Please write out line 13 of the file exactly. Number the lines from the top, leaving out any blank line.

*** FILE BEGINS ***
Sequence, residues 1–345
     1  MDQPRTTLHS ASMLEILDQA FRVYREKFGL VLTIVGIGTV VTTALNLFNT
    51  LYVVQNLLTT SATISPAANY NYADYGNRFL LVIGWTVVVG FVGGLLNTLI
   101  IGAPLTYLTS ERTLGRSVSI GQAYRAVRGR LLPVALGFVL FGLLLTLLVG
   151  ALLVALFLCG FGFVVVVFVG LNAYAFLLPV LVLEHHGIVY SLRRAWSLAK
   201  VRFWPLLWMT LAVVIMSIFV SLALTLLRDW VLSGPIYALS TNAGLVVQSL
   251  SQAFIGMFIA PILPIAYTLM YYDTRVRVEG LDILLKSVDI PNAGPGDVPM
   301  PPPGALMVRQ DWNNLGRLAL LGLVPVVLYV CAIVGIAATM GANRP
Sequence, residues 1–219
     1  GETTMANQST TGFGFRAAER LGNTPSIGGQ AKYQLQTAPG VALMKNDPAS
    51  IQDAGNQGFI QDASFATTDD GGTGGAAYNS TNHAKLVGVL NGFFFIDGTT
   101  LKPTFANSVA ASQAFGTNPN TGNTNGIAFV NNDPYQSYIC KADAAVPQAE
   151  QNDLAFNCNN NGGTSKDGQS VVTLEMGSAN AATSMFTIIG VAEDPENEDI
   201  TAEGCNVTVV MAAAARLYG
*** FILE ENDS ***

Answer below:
   151  QNDLAFNCNN NGGTSKDGQS VVTLEMGSAN AATSMFTIIG VAEDPENEDI